Four years after the appearance of Schwammerl the Austrian composer Heinrich Berté (recte Bettelheim, 1857-1924) reworked bits of Schubert's music into Bartsch's kitsch and came up with the operetta Das Dreimäderlhaus in 1916.

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The playbill for the first performance of Das Dreimäderlhaus at the Raimundtheater on 15 January 1916. The noted tenor Fritz Schrödter was engaged to play Schubert, at least for the first performances. Image: ©Theatermuseum, Wien.

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Franz Glawatsch as Christian Tschöll with his three Mäderl in 'Dreimäderlhaus', 1916. Image: ©Theatermuseum, Wien.

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Alfred Piccaver as Franz Schubert in Dreimäderlhaus, 1916. Image: ©Theatermuseum, Wien.

Two years later Berté's operetta was itself adapted into a silent(!) film of the same name by the Austrian film director and scriptwriter Richard Oswald (recte Ornstein 1880-1963).

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Three scenes from the now lost 1918 film of Das Dreimäderlhaus. The only thing we can say with any certainty is that the man at the piano in the top image is Schubert, played by the singer and actor Julius Spielmann (1866–1920). The third still seems to be a death scene, but which of the figures are dying, Schubert, his eyeshadowed love Hannerl or the songbird – or perhaps all three – is uncertain. We learn also that Schubert only possessed one waistcoat (these big budget silent films!). Images: Flickr.

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Julius Spielmann, ND. Image: ©Theatermuseum, Wien.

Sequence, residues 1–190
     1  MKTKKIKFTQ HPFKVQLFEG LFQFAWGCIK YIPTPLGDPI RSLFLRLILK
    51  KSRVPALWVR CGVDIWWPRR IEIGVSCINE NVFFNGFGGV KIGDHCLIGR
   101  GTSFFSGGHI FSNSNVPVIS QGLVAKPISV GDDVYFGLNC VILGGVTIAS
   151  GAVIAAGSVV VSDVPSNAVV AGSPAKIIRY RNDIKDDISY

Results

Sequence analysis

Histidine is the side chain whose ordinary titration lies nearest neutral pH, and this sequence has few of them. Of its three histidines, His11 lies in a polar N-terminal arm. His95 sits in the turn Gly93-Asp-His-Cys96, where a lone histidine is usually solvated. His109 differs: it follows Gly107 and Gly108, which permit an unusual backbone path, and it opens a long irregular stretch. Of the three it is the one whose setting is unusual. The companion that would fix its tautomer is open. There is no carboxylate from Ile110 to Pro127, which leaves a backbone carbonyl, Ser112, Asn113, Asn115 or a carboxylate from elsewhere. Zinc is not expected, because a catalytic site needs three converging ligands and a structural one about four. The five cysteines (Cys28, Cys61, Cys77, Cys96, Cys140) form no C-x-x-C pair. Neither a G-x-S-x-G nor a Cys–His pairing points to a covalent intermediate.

Thus, in the six years between 1912 and 1918 Bartsch, Berté, Braun and Oswald had created a Schubert for the masses.

The tradition was continued in 1931 with Schuberts Frühlingstraum (also by Oswald) and in 1936 with a further adaptation of Bartsch's novel, Drei Mäderl um Schubert, which cut its sentimental cloth as required for the politics of the time in the German-speaking world. Then, in 1958, yet another version of the same kitsch, Das Dreimäderlhaus, appeared, just in time to cheer up the masses still shovelling away the rubble of that German dream gone hideously wrong.

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A still from the 1931 film, Schuberts Frühlingstraum, another attempt by Richard Oswald to milk the Schubert nostalgia.

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An illustration for the 1936 film, Drei Mäderl um Schubert, which recycled Bartsch's material once again.

The man who started all this, Rudolf Bartsch, was no Schubert scholar, merely a patriotic Austrian scribbler. Nor was the man who concocted the 'Circle of Friends', Felix Braun: he was just a jobbing literary type among the hundreds that infested the newspaper feuilletons of the time. He saw his opportunity in the Schwammerl-boom and seized it with both hands.

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Rudolf Hans Bartsch, c. 1925. Image: unknown.

That we bring Braun and Bartsch together in the same period and in the same breath is not merely a rhetorical tactic. They were not telepathically connected by the Zeitgeist, the connection was more physical: both men belonged to a now almost forgotten circle of writers based in Sievering, now a suburb in the outer northwest of Vienna, a circle centred on the so-called Dichterhaus, 'Poets' House' in the Agnesgasse 7.